12. advFord

    advFord Been here awhile

    Joined:
    Jan 16, 2012
    Oddometer:
    538
    Location:
    Orange County, CA
    Ha, more on the TVIP in a bit. I still don't have it. ahhh! :-) hahaha it's an adventure right?

    #12
  13. advFord

    advFord Been here awhile

    Joined:
    Jan 16, 2012
    Oddometer:
    538
    Location:
    Orange County, CA
    Day 2 - Santo Tomas to Bahia de Los Angeles
    Santo Tomas to Bahia de Los Angeles

    I woke up to realize my back wasn’t as healed as I thought. Glad I brought the meds. I don’t think I told this story. A day before I was going to leave I was moving things and lifted something that really bothered my back. I joked with friends that I must almost be turning 30. Before I left I was feeling fine but now climbing on the bike told me I wasn’t better yet. Once I was on the road and moving I was fine.


    The road continued south past farms and more vineyards. They are repaving the road a few miles at a time so twice we had to use off-road detours. My bike was so clean from the fresh paint and new parts but this stretch of off road riding took care of that. Now it looks like it’s on an adventure.


    I stopped for lunch in San Quintin, one of the larger towns in the area. I was looking for a taco stand that looked busy and finally found Fish Taco Marshall. I made the right choice. The fish, the salsa, the cream and spices were perfect. And only $1.25 each! There were no open seats but a guy offered to share his table with me. Surprisingly he spoke perfect English and he grew up in Mission Viejo, a town just a few miles from me. He was here to go to university to become a teacher. We chatted for a bit and then I was on my way. Before I left he assured me these were the best tacos around. He risked being late for class to come have them.


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    Fish Taco Marshall in San Quintin


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    Pescado por tacos


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    I heard that the town of Bahia de Los Angeles was a great place and so I decided I’d check it out. It was further south so I had to charge to get there before dark. I passed through the town of El Rosario I saw a sign that said “next Gas 318km” I quickly turned around a filled up. With my added aux fuel tank that is plumbed into the main fuel system I can get about 180 miles. The gas stations in Mexico are government run and pretty efficient. Almost all of them are full service so I just pull up and tell the attendant “lleno por favor” (fill’er up please)





    [​IMG]
    Typical gas stations in Mexico.


    Highway 1 heads inland and through the mountainous Parque Naturale de Desierto Central. As I made my way south clouds formed and hid the sun and it quickly got cold. My Icon Patrol jacket and gloves kept me warm as the winds picked up. The cold crosswind off the Pacific was pushing my bike, if only it was a tail wind.


    There were almost no other cars on the road. The only thing I would see beside the desert were small homes and tire repair shops. In the small town of Catavina there was a guy selling gasoline from jugs. I didn’t know how much the wind was effecting my fuel efficiency so I got a gallon just in case.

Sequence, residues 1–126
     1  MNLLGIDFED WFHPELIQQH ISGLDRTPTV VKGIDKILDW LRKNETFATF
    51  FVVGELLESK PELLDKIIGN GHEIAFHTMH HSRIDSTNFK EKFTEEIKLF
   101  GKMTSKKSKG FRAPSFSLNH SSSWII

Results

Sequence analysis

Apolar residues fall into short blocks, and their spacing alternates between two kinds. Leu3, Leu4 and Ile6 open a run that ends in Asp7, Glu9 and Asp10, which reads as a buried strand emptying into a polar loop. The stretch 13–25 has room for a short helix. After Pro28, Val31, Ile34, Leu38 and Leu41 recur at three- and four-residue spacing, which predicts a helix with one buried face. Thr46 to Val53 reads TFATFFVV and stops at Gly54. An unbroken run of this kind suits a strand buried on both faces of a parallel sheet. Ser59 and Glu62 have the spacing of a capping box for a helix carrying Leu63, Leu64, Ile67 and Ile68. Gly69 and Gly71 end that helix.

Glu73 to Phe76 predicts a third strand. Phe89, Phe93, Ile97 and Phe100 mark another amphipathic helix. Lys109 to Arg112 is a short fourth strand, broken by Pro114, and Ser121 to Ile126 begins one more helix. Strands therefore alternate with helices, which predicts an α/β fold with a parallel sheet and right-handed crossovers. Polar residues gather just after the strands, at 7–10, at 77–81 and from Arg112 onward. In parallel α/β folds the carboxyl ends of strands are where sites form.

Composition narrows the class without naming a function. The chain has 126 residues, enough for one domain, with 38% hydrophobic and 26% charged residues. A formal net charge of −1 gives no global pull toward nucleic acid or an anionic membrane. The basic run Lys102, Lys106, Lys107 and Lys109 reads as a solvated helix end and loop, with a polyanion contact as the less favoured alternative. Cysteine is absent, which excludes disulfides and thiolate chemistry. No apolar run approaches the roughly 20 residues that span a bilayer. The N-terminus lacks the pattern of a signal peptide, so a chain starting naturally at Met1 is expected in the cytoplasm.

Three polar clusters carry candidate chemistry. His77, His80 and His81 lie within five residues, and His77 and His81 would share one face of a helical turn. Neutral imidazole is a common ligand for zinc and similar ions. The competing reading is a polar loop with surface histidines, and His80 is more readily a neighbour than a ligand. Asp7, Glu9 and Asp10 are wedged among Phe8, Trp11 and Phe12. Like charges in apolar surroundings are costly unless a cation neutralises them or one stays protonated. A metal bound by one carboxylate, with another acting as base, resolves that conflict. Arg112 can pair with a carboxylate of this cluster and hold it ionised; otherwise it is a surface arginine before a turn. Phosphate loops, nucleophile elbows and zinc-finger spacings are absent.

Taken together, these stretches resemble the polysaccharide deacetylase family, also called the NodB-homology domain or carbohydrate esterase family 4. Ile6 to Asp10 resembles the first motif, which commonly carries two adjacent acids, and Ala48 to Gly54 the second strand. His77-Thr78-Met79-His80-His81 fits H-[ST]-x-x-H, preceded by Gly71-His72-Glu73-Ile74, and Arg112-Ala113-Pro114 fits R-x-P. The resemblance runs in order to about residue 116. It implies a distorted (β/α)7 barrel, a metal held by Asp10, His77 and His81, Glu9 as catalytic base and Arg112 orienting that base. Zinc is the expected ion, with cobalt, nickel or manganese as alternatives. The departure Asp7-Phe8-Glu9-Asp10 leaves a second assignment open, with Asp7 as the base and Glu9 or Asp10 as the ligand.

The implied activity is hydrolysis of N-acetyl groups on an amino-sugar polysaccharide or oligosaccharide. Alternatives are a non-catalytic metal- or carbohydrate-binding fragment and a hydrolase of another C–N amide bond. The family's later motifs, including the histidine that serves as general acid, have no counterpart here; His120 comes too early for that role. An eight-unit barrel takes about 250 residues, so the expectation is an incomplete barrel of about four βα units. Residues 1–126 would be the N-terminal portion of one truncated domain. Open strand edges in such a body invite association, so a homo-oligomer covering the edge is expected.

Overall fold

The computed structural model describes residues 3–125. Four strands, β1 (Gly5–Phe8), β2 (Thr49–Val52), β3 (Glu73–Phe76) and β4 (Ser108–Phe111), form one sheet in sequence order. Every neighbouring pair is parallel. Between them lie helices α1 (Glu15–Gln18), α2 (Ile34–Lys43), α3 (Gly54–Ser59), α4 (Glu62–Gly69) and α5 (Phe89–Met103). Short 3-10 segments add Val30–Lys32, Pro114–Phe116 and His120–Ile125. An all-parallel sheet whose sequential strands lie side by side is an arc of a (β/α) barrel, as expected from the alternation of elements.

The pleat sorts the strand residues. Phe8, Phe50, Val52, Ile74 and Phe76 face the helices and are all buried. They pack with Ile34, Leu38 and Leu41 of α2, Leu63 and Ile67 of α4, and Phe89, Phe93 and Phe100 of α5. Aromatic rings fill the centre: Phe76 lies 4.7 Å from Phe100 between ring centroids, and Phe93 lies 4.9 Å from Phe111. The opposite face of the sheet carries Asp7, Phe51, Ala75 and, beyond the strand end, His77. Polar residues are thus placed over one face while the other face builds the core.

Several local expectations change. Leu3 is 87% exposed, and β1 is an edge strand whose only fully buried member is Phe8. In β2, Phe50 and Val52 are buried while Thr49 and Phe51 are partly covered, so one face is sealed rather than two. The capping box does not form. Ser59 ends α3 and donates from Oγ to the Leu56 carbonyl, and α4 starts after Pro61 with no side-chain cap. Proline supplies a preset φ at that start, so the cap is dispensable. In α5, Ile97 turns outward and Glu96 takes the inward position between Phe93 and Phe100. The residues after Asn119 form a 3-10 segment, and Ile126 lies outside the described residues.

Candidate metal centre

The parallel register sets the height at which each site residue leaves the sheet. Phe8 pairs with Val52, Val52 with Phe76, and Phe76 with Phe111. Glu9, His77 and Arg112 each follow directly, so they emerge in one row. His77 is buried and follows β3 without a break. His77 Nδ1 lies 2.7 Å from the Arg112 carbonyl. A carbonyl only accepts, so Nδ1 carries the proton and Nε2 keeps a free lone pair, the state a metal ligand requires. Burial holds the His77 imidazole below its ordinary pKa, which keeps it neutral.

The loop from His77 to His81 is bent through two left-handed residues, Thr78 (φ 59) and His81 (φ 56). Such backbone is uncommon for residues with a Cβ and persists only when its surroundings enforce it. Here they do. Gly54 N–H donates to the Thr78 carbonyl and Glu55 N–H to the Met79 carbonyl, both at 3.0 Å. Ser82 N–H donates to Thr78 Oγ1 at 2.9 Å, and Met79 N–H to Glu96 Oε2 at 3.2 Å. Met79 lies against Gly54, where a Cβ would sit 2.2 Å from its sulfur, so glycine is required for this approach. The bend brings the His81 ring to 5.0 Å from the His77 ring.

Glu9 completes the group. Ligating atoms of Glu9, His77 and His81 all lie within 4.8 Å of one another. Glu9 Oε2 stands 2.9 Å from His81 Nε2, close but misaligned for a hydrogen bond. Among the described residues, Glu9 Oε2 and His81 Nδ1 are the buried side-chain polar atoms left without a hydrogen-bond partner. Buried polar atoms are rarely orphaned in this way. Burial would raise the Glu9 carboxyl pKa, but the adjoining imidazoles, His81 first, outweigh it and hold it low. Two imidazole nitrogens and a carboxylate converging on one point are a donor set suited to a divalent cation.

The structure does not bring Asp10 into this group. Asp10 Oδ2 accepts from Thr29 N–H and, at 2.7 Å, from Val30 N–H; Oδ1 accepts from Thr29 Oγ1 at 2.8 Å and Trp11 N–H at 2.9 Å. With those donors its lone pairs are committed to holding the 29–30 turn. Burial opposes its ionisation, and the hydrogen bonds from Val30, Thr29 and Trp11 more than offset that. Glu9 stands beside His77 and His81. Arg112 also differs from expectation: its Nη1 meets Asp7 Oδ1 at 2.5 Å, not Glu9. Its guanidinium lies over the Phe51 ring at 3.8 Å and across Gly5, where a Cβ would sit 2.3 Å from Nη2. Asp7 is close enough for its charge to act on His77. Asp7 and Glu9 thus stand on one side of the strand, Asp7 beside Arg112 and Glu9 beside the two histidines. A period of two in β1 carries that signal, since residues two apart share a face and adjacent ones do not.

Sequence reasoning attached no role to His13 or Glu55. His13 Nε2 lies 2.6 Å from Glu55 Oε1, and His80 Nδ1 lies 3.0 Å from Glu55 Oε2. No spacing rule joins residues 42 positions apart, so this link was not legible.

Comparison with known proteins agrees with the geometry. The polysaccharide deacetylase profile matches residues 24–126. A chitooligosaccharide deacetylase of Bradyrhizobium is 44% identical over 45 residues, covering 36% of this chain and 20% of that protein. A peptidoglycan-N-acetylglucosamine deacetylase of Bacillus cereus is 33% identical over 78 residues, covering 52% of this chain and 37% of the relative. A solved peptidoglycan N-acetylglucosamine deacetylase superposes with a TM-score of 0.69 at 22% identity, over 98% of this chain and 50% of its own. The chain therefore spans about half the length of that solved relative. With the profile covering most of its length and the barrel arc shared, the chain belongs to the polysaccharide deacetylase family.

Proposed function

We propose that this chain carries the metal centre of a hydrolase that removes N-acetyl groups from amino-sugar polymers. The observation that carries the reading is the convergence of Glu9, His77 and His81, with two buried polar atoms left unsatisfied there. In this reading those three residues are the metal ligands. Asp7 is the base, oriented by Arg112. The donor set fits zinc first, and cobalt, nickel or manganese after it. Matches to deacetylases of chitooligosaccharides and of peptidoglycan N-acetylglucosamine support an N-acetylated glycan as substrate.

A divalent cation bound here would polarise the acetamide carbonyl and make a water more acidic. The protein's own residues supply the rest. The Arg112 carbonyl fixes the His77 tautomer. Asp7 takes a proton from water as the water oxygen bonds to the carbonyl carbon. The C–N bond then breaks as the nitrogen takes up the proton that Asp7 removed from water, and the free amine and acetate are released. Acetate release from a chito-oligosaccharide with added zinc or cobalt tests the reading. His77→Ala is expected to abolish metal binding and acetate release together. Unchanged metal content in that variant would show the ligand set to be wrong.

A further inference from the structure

[​IMG]
    Baja Gas Station in Catavina


    Bahia de Los Angeles is 66km east off of Highway 1. As I was riding on this road I saw two wild horses ahead of me by the roadside. I pulled over to take a photo and they instantly bolted. With the light from the sunset hitting the desert mountains in the background it was a beautiful sight.


    [​IMG]
    Parque Natural del Desierto Central


    I rode into the town and looked for a hotel. The first was full. I saw a sign for hotel with wifi, hot water, and breakfast so I followed the sign. It led me up a rocky dirt road and then no more signs. I wasn’t looking forward to turning around on a rocky hill. Sure enough as I made the turn my front wheel got stuck and over the bike went. (She was tired from a long day of riding I guess) A guy came out and helped me get the bike up. So thankful he did, I’m afraid of what my back would have done had I tried to lift by myself. I was over Hotel Princess and their crappy driveway. I went back the main road and found a hotel that looked more expensive than I wanted to pay but I was tired and didn’t care. I got my room and unpacked the bike. I went to get dinner but the only place open was a small mercado (market) so dinner was a Coca Cola and a bag of Tostitos nachos. At least the fish tacos at lunch were amazing. The hotel had wifi and I tried to call friends and my mom on the app Viber but the signal was too poor.


    The technology we have for trips like these is makes family and friends never seem that far away. With my Spot GPS tracker people can see where I am on a map at any time. When I have wifi I can update instagram, Facebook, and check email in a instant. With the phone apps Viber, Whats App, and Skype I can talk and chat with friends around the world.
    #13
  14. Eddywoodgo

    Eddywoodgo two wheeled nomad

    Joined:
    Jan 2, 2010
    Oddometer:
    1,020
    Location:
    where ever I put up my Bivie
    Good write up so far. Im subscribed as I will be headed over from Oz to do a similar trip in December. Keep the stories coming!
    #14
  15. Ben Carufel

    Ben Carufel Boxer Addict

    Joined:
    Dec 2, 2010
    Oddometer:
    901
    Location:
    San Diego
    Cool writeup, I'm in to follow along!
    #15
  16. b4thenite

    b4thenite Been here awhile

    Joined:
    Oct 14, 2008
    Oddometer:
    259
    Location:
    Korea Town, Los Angeles,
    good luck!
    #16
    advFord likes this.
  17. advFord

    advFord Been here awhile

    Joined:
    Jan 16, 2012
    Oddometer:
    538
    Location:
    Orange County, CA